For instance, as a child, I remember being afraid of the dark and would ask for the hall light to remain on, because in the shadows I could see many possibilities. This is something most children do, and in my adult life as a photographer, I find I still see possibilities in areas of negative space or where shadows exist.


As I've progressed as a photographer, I've had to open my eyes to what is really before me. I have come to know that I am sensitive to light levels where initially I had no idea that I was. Shining a direct light into my eyes is tantamount to a pneumatic drill crowding my thoughts. I've despised overhead lighting for many years, for this very reason.  Likewise, on overly sunny days I may have the blinds lowered in my home to give the degree of visual comfort that I emotionally require.

This sensitivity to light, is something I try to imbue in my photographs. I think all visual artists should.

Tanizaki's book allows me to embrace this - I know now that shadows are beautiful and used carefully in one's work, they can add depth as well as mystery. They also give me space for my imagination to roam free.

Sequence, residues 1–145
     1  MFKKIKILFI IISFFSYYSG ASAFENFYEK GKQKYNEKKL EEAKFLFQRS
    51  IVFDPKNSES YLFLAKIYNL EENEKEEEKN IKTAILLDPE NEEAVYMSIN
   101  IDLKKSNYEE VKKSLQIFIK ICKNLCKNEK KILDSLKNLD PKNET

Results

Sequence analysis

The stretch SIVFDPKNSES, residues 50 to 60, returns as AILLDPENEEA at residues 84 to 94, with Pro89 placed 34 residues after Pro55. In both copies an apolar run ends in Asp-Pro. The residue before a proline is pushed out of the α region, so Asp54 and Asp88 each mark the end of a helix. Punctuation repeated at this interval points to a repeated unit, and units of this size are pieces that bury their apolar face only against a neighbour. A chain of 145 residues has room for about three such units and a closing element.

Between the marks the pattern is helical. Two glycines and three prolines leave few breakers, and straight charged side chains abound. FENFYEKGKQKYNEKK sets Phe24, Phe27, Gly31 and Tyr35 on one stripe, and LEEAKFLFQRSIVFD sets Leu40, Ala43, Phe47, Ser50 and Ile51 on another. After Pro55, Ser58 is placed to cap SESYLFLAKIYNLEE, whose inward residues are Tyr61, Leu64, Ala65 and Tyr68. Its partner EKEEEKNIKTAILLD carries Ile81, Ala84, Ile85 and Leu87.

As a visual artist, I understand that my surroundings are important to me, not just because they are the subjects of my photography, but because the qualities of light they possess influence it in ways that I was never truly aware of, until I read this book.

Many thanks to Jeff Bannon for recommending this book to me.

Art as Influence, as Inspiration

"art is often a symptom of the landscape"

Over the past few weeks, I've been enjoying and reading about the great Japanese artist Hokusai. Although Hokusai's name may not be universally known to many of us, his painting 'The Great Wave off Kanagawa', will be. It is perhaps the most famous Japanese print of all.

Hokkusai's 'The Great Wave of Kanagawa'.

Hokkusai's 'The Great Wave of Kanagawa'.

I'm due to visit Japan this December. It's a trip I've been looking forward to all year now and as it gets closer  I find I can't help myself but wish to know more about Japan, its art and its culture.

You see, I get great inspiration from enjoying and absorbing the art of the places I'm going to visit, because its art is often a symptom of its landscape. I think this is very true in Japan's case. Often the landscape has been cultivated to fit their aesthetic sensibilities, and other times the shape and form of the landscape has informed their art.

This is a beautifully illustrated book of Hokusai's work. I find that just looking and enjoying the work, that I am finding inspiration.